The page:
From the Senate in the 1970s to the presidential campaign trail in 2020, Joe Biden has a long record of going where political pressures push him—and right now they’re pushing him aggressively leftward
I spent Christmas week visiting my fiancé David’s hometown in Bismarck, N.D. His parents had requested that we visit them there this Christmas, because David’s 96-year-old grandfather Willis recently had a stroke and we suspected he might not be around for next Christmas.
There in snowy Bismarck, David and I visited Grandpa Willis several times at the skilled nursing facility where he now lives. I could tell David had a hard time seeing his once-strong, vibrant grandfather basically bed-ridden, his right hand useless and stiff from the stroke. This man has been a well-revered Baptist pastor for many, many decades, and even now he still serves as pastor emeritus at his church, still tunes in online every Sunday for service, still reads theological books for leisure. In many ways, he reminded me of my own father, and my heart warmed to this humble, dedicated man who fears and loves the Lord.
On our last day in Bismarck, we visited Grandpa Willis again right before we left for the airport. Knowing it might be the last time he saw either of us, Grandpa had obviously thought carefully over what he wanted to say to us. When we entered his room, he was bright-eyed and clear-minded, sitting upright in his armchair, dressed in the red plaid button-down shirt David’s parents had gifted him for Christmas.
The moment we sat down, Grandpa got down to business. He turned to me and asked, “Who’s the leader in your marriage—David or you?”
“David,” I said automatically. I was a pastor’s kid who grew up in the church and was thoroughly schooled in orthodox theology. I knew what the right answer was.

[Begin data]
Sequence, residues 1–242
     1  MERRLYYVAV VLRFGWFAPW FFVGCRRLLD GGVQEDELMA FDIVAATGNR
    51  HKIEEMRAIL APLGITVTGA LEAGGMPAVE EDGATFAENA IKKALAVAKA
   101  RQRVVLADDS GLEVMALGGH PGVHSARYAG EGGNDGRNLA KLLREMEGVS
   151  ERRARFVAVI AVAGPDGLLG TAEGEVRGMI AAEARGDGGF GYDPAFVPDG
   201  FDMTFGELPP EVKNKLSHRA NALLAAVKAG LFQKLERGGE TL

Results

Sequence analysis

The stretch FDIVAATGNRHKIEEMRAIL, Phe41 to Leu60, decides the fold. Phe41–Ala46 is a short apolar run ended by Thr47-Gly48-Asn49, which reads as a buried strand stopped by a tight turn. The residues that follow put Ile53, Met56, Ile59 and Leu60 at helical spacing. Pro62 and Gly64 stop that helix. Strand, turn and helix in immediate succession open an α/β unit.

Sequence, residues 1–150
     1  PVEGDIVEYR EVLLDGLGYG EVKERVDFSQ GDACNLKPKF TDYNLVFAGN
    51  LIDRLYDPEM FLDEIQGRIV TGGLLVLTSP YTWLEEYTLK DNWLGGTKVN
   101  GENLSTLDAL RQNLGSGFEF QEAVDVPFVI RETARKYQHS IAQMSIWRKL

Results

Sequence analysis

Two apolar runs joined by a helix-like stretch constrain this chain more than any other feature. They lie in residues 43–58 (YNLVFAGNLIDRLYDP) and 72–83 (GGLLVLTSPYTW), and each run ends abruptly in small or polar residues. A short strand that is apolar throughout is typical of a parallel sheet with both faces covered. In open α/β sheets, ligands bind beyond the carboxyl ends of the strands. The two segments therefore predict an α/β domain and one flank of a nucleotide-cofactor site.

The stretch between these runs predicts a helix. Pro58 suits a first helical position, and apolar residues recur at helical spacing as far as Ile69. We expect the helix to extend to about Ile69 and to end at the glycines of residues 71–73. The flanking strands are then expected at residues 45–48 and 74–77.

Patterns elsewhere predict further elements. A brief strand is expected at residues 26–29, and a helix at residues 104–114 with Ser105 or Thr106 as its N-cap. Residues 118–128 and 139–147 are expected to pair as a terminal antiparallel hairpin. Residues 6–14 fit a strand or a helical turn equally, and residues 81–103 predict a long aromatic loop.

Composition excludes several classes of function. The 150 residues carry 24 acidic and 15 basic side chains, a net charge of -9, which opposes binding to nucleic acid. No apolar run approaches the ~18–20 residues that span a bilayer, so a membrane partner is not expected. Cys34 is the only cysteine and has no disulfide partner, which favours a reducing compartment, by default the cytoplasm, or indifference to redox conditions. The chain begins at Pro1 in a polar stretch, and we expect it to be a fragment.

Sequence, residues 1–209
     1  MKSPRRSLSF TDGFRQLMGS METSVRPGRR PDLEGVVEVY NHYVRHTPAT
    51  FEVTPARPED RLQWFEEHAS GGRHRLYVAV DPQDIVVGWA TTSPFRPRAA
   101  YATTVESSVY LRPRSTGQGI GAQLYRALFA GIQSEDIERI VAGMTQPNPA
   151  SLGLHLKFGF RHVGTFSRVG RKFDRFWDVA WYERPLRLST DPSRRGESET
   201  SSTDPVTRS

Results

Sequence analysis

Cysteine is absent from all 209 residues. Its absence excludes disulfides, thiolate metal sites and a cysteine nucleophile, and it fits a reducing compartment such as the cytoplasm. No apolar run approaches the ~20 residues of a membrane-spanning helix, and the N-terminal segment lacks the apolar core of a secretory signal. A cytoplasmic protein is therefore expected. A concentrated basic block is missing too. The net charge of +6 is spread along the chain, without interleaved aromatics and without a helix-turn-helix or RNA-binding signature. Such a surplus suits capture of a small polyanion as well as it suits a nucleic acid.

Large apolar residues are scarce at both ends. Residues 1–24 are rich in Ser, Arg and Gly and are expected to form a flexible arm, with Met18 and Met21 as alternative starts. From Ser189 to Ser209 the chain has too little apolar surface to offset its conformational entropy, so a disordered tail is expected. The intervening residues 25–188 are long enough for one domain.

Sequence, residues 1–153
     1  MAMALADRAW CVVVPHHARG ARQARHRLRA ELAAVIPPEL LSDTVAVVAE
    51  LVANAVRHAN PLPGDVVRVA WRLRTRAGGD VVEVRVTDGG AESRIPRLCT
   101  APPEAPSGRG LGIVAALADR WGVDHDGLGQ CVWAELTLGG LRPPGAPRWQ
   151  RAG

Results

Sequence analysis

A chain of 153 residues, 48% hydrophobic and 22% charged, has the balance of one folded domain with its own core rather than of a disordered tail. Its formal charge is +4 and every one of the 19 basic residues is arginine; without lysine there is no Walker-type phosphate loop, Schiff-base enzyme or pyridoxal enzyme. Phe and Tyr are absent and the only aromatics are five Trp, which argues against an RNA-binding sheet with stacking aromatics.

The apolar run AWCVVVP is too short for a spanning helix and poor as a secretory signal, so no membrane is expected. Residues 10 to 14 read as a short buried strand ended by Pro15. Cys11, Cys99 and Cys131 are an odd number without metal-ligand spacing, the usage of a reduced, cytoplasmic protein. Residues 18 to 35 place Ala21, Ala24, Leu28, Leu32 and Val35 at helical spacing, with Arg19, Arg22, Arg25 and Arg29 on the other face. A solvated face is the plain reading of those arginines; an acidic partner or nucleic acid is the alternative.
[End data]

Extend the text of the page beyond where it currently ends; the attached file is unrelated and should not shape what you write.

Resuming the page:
Grandpa smiled: “You responded really fast.”
I thought it over, and edited my answer: “Well, I know the husband is the head of the house. But I think it will be a challenge for me.”
Grandpa nodded. “Good, as long as you’re aware of that.” Then he turned to David: “How are you going to lead your family?”
“Um,” David said. “I’m learning to trust in God.”
Grandpa looked at him for a moment and then shook his head: “That’s not specific enough.” He then said, “If there’s something I wish I had done differently in my marriage, it’s that I don’t get so busy with my ministry work. I remember Ruth (his wife, now deceased) telling me, ‘Willis, I wish you’d call me honey more often.’” Grandpa turned to David: “Remember to show affection to your wife. And for me, no matter how busy I was, I still always made it home for dinner.”
I had expected Grandpa Willis to say something super theological, like quoting Ephesians 5:22-33 or 1 Timothy 2:8-3:13—so it was a nice surprise to hear him share something so practical and personal. Yet what he said was fully Biblical too—to be a good leader of the household is to be loving and self-sacrificial, as the Bible commands husbands to be, and that can be as simple as calling the wife “Honey” and showing up for dinner regardless of the workload.
Later, I got a better picture of what kind of marriage Grandpa Willis shared with Grandma Ruth, who died 10 years ago from congestive heart failure. Grandma Ruth spent the last weeks of her life in the same healthcare facility Grandpa is currently in, and at the time, Grandpa was living in a senior community housing right across the field from the facility. It was so close that every morning, Grandma Ruth would sit in her chair looking outside her window, waiting to spot Grandpa walk out of the house, lock the door, and trudge towards her.